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Re: What's the problem?

From: Simon Josefsson
Subject: Re: What's the problem?
Date: Wed, 10 Dec 2003 01:58:08 +0100
User-agent: Gnus/5.1003 (Gnus v5.10.3) Emacs/21.3.50 (gnu/linux)

Juri Linkov <address@hidden> writes:

> Simon Josefsson <address@hidden> writes:
>> Luke Gorrie <address@hidden> writes:
>>> People are writing concurrent programs in Elisp today. Most programs
>>> interacting with external processes and sockets do so without blocking
>>> Emacs. Can't we all just do the same?
>> No.
>> I believe several examples have been given already, but the most
>> prominent I notice frequently is generating summary buffers in Gnus.
>> This is CPU bound.  Most of the time is NOT spent waiting from network
>> IO, even for 64kbps users, if you profile large groups.  It is spent
>> traversing internal data structures, sorting and filtering the
>> headers.  If this is done asynchronously, it would still lock up
>> Emacs.
> Many CPU bound tasks can be improved by memoizing computation results.
> Since most cited here example is generating summary buffers in Gnus,
> I want to note that this particular problem can be solved by storing
> computed thread trees in files similar to `.marks' and `.overview'.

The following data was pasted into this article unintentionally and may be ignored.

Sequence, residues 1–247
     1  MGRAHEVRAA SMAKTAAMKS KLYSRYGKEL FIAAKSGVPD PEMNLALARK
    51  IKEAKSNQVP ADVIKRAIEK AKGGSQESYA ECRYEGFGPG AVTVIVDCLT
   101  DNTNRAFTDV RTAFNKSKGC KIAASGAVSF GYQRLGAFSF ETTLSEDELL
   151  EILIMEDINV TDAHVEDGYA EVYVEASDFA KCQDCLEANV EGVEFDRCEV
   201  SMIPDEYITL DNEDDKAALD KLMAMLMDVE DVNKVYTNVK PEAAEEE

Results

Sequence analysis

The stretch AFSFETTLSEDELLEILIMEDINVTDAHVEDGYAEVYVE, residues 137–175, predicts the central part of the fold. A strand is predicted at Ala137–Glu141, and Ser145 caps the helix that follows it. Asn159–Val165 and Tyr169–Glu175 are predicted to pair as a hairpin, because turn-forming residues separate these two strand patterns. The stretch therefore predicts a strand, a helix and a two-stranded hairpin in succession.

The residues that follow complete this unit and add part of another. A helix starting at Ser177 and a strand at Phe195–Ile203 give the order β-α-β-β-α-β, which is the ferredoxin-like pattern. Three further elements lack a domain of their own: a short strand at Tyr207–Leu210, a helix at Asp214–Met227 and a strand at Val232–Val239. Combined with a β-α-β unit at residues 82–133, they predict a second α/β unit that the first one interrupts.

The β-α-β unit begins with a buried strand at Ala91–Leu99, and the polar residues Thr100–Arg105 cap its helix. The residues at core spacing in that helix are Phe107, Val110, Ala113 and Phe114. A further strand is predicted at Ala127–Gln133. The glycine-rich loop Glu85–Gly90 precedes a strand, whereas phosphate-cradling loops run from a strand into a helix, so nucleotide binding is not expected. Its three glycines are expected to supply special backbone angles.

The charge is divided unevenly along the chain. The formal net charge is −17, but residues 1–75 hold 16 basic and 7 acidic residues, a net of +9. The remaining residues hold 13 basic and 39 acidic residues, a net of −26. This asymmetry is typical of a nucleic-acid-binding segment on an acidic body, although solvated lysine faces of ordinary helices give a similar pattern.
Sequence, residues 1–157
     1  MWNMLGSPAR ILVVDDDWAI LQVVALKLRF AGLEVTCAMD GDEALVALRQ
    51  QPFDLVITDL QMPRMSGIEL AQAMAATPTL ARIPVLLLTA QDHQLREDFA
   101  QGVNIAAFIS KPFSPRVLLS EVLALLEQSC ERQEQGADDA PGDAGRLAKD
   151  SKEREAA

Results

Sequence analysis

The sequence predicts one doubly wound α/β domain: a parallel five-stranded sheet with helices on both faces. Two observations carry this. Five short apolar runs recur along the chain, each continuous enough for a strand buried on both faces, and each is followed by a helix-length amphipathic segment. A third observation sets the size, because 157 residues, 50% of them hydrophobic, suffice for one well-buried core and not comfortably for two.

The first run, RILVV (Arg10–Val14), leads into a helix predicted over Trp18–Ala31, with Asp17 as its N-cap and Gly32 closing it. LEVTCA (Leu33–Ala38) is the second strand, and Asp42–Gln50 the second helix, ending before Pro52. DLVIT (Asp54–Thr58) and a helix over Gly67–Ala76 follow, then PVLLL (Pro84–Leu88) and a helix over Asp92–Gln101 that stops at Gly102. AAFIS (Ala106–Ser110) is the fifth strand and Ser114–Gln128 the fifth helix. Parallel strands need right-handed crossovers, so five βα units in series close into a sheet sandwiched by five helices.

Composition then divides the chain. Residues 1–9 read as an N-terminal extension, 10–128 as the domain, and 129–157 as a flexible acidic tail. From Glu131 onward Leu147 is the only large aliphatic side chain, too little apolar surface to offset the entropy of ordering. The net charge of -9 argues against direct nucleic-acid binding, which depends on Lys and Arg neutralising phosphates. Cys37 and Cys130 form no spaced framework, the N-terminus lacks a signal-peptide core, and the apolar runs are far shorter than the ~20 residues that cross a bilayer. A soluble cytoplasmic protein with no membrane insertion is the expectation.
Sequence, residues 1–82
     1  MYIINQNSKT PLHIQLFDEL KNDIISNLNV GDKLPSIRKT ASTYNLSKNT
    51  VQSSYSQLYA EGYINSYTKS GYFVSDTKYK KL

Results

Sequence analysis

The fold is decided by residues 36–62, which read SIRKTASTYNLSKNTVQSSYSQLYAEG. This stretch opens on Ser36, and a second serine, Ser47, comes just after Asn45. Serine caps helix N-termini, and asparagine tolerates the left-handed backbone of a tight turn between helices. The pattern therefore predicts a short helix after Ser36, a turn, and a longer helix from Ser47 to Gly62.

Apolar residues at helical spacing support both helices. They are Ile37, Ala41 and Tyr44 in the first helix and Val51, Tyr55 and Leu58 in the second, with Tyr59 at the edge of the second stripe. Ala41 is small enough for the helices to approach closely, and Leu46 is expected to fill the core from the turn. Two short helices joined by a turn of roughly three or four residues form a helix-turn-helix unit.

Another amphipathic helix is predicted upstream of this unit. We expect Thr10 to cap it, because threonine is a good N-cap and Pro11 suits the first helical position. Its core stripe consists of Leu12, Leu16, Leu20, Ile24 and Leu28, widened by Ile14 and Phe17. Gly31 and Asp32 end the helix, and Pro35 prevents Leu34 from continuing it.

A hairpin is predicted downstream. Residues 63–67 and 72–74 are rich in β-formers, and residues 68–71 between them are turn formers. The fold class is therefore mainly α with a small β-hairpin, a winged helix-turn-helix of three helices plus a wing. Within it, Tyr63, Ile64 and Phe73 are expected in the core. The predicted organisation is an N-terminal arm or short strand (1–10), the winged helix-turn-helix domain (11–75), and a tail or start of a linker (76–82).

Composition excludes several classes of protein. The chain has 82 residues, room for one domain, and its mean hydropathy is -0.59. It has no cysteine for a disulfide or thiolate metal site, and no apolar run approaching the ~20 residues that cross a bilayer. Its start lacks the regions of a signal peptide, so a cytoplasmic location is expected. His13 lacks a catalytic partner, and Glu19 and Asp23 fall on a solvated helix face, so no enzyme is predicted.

> To keep track of computed results input parameters should be stored
> along with computed data.

Yes, it can be improved, but you are talking about caching.  It does
not remove the need to at some point compute the data stored in the
cache.  Then Gnus would look up, which I find unacceptable.

Furthermore, because a lot of what is done during preparing summary
buffers is dynamic, or almost so because it is influenced by hundreds
of user variables that may change over time, I'm not convinced caching
summary buffer data can be done reliable without great pain.  For me,
the summary buffer look different most time I enter it, because each
added or removed article in the group may change large parts of the
summary buffer to be recomputed (which I don't consider a bug).  It is
certainly easier to compute the summary buffer every time it is
needed, and use the user variables during that computation, than
reading from a cache and figure out what has to be re-computed given
the then-current user variables, and then re-compute the data and
store it in the cache.

>> Another example is getting new mail in Gnus.  This is probably more
>> network bound than CPU bound, but doing it asynchronously would still
>> lock up Emacs completely for many seconds, which is unacceptable.  If
>> you use Gnus as a offline reader, getting new mail may take minutes.
> Many tasks can be performed by external processes.  Getting new mail
> shouldn't lock up Emacs when done by an external program like movemail.

I meant parsing the new incoming articles and splitting them into the
proper group.  This is done in elisp.

If you profile Gnus with ELP, you see that the amount of time spent
waiting for external processes like movemail is not the biggest cause
of the lockups.  Most of it is spent evaluating elisp.  Even when
getting new mail.  So optimizing the movemail case to be asynchronous
would not improve the situation much, but will make it more difficult
to debug and troubleshoot Gnus.

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